Why you need to wear sunscreen
Sunscreen’s the one beauty product that helps prevent skin cancer and premature aging (and by this I mean all those lines, wrinkles, and spots that you otherwise wouldn’t get until you’re 70 if you stayed indoors.) New Yorkers have lots of reasons for not wearing it—laziness, for one. Or not finding one that’s right for your skin. There are even some health concerns over ingredients used in the formulations, which could give you the idea to give up sunscreen all together. But don’t. Like other things we do for our health, namely eating well and working out—or even for vanity—you have to exert a bit of effort to get it right. Unless you’re reading this article, and I’ve done the work for you with this quick primer on some reasons you still need to use a sunscreen and which ones I’m wearing.
Seven unsunny facts you should know about sunscreen:
1. No sunscreen covers the entire spectrum of ultra violet (UV) rays—and almost no American uses enough of it or applies it correctly. (Plus, UVA travels through glass.)
2. You have to re-apply sunscreen every 90 minutes. It doesn’t matter if you’re wearing an SPF 15 or an SPF 70. Chemical sunscreen ingredients that protect skin from UV rays breakdown on exposure to, well, UV rays. Mineral sunscreens like zinc oxide and titanium dioxide are sturdier and more stable but the recommended use is the same.
3. There is virtually no difference in the protection offered by a sunscreen that claims to have an SPF 30 or an SPF 70.
4. The more cosmetically elegant sunscreens, the ones that feel like a high-end moisturizer or makeup, are chemical sunscreens. An exception: Z-Cote, a microfine zinc, which is almost transparent on skin compared to than the ghastly white lifeguard stuff.
5. Sunscreens that start working as soon as you apply them are zinc oxide and titanium oxide. These minerals reflect or block UV light. Chemical sunscreens take about 20 minutes to start the UV-ray protection process, which happens in the skin.
6. Oily or breakout-prone skin should use mineral-based sunscreens with zinc oxide and titanium dioxide.
7. Sunscreens are anti-aging. They help protect against discoloration, free-radical damage, lines, wrinkles, and the breakdown of proteins collagen and elastin that give skin its firmness and snap-back, and the mutation cells and DNA.
The sunscreens I’m using right now:
In my moisturizer
La Roche-Posay Anthelios SX Daily Moisturizing Cream with Sunscreen SPF 15, $29.50
Why: The big-name sunscreen ingredient in it, Mexoryl (official ingredient name is Ecamsule), protects against a spectrum of UVA light that nothing else catches. This is why it was smuggled back from France before it was legal in the U.S. I also have Anthelios 40 ($32), a straight-up sunscreen cream, which has an additional 5 percent titanium dioxide in it. Both creams feel like moisturizers and don’t drip when I workout. I probably look a bit dewy but not shiny when I wear them. And I wear them constantly.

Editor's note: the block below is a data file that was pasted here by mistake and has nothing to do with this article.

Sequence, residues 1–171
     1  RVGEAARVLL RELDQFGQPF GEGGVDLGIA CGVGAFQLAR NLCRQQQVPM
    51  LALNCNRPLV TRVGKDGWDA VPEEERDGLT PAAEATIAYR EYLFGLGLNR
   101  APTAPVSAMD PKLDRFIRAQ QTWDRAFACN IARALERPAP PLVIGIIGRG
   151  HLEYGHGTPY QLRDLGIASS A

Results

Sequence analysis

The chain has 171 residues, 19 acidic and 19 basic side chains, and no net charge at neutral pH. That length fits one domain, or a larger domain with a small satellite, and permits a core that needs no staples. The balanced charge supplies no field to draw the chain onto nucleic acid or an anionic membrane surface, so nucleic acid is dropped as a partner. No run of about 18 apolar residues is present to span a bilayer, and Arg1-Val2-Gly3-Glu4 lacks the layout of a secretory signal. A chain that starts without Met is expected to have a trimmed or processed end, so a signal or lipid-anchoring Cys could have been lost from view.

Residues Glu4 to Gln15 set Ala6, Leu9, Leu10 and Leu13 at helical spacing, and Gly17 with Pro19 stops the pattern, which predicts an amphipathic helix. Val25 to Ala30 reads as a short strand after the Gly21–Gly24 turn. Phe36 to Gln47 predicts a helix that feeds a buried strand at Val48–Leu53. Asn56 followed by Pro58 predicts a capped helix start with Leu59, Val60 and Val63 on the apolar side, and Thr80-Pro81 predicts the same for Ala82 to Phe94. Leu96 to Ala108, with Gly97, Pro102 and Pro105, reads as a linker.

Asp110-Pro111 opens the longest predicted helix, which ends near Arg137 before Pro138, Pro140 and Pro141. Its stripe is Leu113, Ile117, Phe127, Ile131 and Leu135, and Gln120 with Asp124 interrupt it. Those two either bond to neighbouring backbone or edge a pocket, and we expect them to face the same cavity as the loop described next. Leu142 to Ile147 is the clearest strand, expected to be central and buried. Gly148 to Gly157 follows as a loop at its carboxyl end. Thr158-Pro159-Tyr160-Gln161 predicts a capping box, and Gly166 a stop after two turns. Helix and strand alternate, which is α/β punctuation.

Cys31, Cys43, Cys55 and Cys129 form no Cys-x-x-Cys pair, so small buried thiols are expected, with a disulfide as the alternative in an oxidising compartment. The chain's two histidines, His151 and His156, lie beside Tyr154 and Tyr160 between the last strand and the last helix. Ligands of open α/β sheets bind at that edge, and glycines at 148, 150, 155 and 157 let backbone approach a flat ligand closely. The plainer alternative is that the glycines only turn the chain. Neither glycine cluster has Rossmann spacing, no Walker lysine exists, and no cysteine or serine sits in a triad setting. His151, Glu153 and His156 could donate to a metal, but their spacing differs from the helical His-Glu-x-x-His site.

Josie Maran Daily Sun Protection Argan Oil Infused SPF 40+, $32
Why: It’s a new product that’s quickly claimed prime sink-side real estate. The natural-leaning formulation has skin-care ingredients in it like nourishing argan and pomegranate oil. It absorbs in a second, minimizes shine (thanks to the zinc), and gives my skin an evenness like a tinted moisturizer or primer. I can see myself going through several bottles of it this summer.
Sonya Dakar 365 SPF 30, $39
Why: It smells like a skin-care product, thanks to lavender extract, and it feels like one, too. I used to wear it every day (under makeup or without makeup) until I started on a quest to find one with cleaner ingredients.
Goddess Garden Lavender Mint Sunscreen SPF 20, $14.99
Why: It’s a natural knock-off of the Dakar sunscreen, but with 70 percent organic ingredients (and 70 percent more time rubbing it into the skin). You’ll recognize almost every ingredient on the label, a great sign.
Pratima Neem Vetiver Body Suncreen SPF 30, $26
Why: It’s surprisingly awesome. I didn’t expect to become a fan of the NYC Ayurvedic doctor’s sunscreen (her skin-care products have never won me over). But I don’t mind slathering this chemical-free one loaded with familiar natural ingredients on my arms and legs one single bit.
SkinCeuticals Physical UV Defense SPF 30, $37
Why: Science-geek factor. Its microscopic minerals (Z-Cote and titanium dioxide) do a good job of keeping me perennially pale. And it also has a mattifying effect, meaning the product minimizes shine.